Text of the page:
The State then proceeded with the presentation of its case.   Each time the State sought to introduce evidence of the cocaine seized from Bouyer's room, his counsel specifically stated he had “no objections” to the admission of the evidence.   More specifically, Bouyer's counsel affirmatively stated he had “no objections” to the admission of the photographs of the paraphernalia and drugs found in Bouyer's room, the cocaine, or the forensic scientist's report.

After the State introduced all of its evidence, and despite defense counsel's affirmative statements that he did not object to the introduction of the State's evidence, the trial court held an evidentiary hearing on Bouyer's motion to suppress.   Over the State's objection that Bouyer had waived his right to a determination on the motion to suppress by affirmatively stating he had no objection to the evidence, the trial court permitted defense counsel to call the officers and question them about events surrounding the seizure of the drugs and the arrest of Bouyer.   After the hearing, the court orally denied the motion to suppress and then memorialized the oral ruling in a written order.

 Generally, a defendant affirmatively waives his right to have the trial court determine the admissibility of evidence when he states he has “no objection” to the evidence when it is offered by the State.  Holmes v. State, 248 S.W.3d 194, 200 (Tex.Crim.App., 2008).   Such a defendant cannot claim on appeal that the evidence “was illegally obtained under the United States or Texas Constitutions or under Article 38.23.”  Id. Pursuant to Holmes as well as numerous other cases from the Court of Criminal Appeals, Bouyer seemingly waived his right to have the trial court determine the admissibility of the evidence.   See id.   However, because of the actions taken by the trial judge in this unique case, we find this case distinguishable from Holmes, the cases relied on by the State, and the myriad of cases finding waiver when a defendant states he has “no objection” to the evidence.   Neither in Holmes nor in the other cases did the trial court conduct a suppression hearing after the apparent waiver.   See, e.g., id.;  Dean v. State, 749 S.W.2d 80, 83 (Tex.Crim.App.1988);  Harris v. State, 656 S.W.2d 481, 484 (Tex.Crim.App.1983);  McGrew v. State, 523 S.W.2d 679, 680-81 (Tex.Crim.App.1975).   Here, Bouyer raised the suppression issue before the introduction of the evidence and the trial court advised that it would consider the matter at a later time.   Then, after the introduction of the evidence, the trial court agreed to consider the suppression issue despite counsel's affirmative statements of “no objection.”   By holding the suppression hearing over the State's “waiver” objection, the trial court clearly did not construe Bouyer's “no objection” as a waiver of his motion to suppress.   Accordingly, we decline to dispose of this case on waiver as suggested by the State and, in light of the record and in the interest of justice, we will review the merits of Bouyer's complaint.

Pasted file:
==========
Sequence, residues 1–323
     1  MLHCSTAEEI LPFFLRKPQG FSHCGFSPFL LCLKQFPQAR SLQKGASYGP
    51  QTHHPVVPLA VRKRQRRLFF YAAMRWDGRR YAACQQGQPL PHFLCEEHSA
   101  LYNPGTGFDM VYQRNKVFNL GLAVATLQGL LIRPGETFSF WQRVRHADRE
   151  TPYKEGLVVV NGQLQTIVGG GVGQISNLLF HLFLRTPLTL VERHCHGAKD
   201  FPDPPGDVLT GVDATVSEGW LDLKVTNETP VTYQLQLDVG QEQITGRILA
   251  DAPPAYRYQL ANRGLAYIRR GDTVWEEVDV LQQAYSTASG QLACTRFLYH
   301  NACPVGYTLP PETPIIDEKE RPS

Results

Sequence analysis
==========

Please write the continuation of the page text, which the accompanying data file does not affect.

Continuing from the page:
Motion to Suppress

Bouyer contends that while the officers had probable cause, they “lacked exigent circumstances to enter [his] hotel room.”   See McNairy v. State, 835 S.W.2d 101, 106 (Tex.Crim.App.1991) (holding that to justify warrantless search, State must show existence of probable cause at time of search and exigent circumstances that made procuring of warrant impracticable).   The State counters the evidence was lawfully seized under the plain view exception to the warrant requirement.   See Clark v. State, 548 S.W.2d 888, 889 (Tex.Crim.App.1977) (holding that “police officer may seize what he sees in plain sight or open view if he is lawfully where he is.”)

Standard of Review

A trial court's ruling on a motion to suppress is reviewed for abuse of discretion.  State v. Dixon, 206 S.W.3d 587, 590 (Tex.Crim.App.2006).   On appeal, we must view the record in the light most favorable to the trial court's ruling and reverse only if the ruling is outside the zone of reasonable disagreement.  Id. We must give almost total deference to the trial court's determination of historical facts, especially those based on an evaluation of the witnesses' credibility and demeanor.  Guzman v. State, 955 S.W.2d 85, 89 (Tex.Crim.App.1997).   We conduct a de novo review with regard to the trial court's application of the law of search and seizure to the historical facts.   Wiede v. State, 214 S.W.3d 17, 25 (Tex.Crim.App.2007).   If the trial court's ruling “is reasonably supported by the record and is correct on any theory of law applicable to the case,” we must sustain the trial court's ruling.   Dixon, 206 S.W.3d at 590.